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Gay dating app Blued bags strategic investment from China’s state-run media
Contrary to most foreigners would believe, China is shifting to a much milder tone towards the country’s thriving LGBT community, especially when it comes to the online world. This is evident enough with the extent to which LGBT-related topics can be talked about online and the number of tech services that goes after this special group. It seems that the country’s tolerance for GLBT community is spreading from the cyber world to the real world.
Chinese gay chat and hook-up app Blued announced Tuesday that it has sealed eight-digit RMB strategic funding from the investment arm of The Beijing News, a state-backed newspaper group.
The expanding globalization initiative of Blued and its growth in live streaming, e-commerce, gaming healthcare and entertainment were the main reasons for this investment, according to a representative from the investor.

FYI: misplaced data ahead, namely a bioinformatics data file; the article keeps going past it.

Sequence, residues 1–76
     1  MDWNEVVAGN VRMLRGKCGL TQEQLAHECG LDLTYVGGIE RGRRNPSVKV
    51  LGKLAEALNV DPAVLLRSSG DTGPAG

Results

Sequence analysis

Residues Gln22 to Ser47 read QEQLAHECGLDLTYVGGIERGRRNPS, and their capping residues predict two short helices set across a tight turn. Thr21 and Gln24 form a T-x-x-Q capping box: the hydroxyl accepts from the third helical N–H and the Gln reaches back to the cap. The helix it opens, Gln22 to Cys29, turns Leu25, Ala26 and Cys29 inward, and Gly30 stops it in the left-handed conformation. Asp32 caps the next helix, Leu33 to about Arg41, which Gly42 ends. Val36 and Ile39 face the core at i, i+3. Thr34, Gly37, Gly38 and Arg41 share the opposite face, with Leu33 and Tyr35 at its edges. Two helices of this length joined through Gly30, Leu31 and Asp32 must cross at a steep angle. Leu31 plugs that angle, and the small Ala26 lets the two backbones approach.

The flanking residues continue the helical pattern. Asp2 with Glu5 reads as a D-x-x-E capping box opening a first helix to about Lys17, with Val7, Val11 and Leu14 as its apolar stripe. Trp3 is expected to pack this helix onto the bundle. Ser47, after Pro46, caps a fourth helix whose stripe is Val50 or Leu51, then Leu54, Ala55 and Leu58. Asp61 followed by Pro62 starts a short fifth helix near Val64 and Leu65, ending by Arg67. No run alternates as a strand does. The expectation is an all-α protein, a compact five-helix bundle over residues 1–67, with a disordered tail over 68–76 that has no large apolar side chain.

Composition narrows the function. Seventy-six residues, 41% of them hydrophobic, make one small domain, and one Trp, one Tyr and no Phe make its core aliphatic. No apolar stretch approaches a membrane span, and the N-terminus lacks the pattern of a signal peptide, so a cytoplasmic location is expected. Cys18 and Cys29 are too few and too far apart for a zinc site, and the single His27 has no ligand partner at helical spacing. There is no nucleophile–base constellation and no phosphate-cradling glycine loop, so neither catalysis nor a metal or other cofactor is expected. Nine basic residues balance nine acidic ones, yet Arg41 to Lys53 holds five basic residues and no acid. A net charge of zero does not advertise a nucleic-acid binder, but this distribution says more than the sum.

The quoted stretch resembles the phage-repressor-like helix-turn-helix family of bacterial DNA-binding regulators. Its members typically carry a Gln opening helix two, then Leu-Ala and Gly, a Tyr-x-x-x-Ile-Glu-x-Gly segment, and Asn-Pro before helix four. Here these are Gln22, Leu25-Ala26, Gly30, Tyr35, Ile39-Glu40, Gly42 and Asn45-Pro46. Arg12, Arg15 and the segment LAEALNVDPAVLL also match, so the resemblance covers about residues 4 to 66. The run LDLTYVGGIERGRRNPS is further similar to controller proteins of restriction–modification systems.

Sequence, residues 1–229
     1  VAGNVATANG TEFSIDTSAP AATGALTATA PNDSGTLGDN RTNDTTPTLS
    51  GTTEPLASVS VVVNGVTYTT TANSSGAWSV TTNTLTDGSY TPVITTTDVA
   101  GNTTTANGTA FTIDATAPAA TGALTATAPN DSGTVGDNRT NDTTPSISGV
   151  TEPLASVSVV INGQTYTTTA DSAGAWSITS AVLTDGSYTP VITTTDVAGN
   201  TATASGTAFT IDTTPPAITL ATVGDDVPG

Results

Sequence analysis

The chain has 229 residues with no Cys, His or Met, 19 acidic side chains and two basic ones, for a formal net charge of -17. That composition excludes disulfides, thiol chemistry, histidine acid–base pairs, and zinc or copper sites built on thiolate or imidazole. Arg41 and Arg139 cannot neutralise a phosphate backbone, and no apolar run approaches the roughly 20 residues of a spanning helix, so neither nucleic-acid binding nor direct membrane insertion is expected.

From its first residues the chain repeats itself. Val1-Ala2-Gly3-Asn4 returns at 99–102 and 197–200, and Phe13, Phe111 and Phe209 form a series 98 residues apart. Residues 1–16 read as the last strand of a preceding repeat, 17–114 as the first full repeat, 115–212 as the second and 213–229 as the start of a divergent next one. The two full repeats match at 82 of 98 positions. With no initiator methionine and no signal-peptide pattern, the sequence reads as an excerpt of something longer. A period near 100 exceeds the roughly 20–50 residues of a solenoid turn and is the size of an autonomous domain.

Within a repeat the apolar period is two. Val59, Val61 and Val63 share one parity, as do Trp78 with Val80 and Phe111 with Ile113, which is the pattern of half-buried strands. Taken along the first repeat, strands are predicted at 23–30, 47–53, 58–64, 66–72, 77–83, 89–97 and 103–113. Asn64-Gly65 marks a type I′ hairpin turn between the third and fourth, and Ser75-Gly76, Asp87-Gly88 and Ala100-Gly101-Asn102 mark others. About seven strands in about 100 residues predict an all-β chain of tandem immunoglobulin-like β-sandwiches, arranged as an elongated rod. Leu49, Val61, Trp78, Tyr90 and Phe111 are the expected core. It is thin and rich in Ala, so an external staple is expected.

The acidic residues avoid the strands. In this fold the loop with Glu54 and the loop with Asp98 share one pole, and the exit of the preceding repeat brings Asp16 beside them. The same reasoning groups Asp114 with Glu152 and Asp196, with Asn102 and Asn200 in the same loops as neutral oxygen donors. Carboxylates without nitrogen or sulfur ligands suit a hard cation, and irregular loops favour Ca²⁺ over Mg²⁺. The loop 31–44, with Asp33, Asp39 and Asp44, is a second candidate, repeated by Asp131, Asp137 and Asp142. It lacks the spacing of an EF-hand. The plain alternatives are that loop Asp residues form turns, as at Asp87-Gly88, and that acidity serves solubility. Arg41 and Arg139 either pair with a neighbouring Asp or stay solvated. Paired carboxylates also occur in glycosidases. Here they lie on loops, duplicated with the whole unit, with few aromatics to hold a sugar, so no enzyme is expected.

Like many Chinese companies, the Beijing-based startup has been pushing into the rest of the world. It now supports 13 languages and has set up offices in Thailand, Vietnam, and the U.K. In December last year, Blued made a strategic investment with U.S. dating app Hornet in an attempt to make forays into North American and Latin American markets.
The company is recording profits now thanks to thriving live streaming and mobile marketing businesses which have contributed hundreds of millions RMB of revenue in 2016. Revenue from live streaming is expected to maintain stable growth in 2017, while membership, gaming, and healthcare services are expected to become the new revenue growth points, according to the company.
“The current financing round is more of strategic meaning given that the company is booking profits now.” said Geng Le, CEO of the firm.
Born out of LGBT NGO Danlan, Blued has been active in improving the living status of this group.
“Sexual minority is still a highly controversial group, we need a proper channel to talk with the government and the public, letting them know what we are doing and what problems we can solve for society,” Geng said.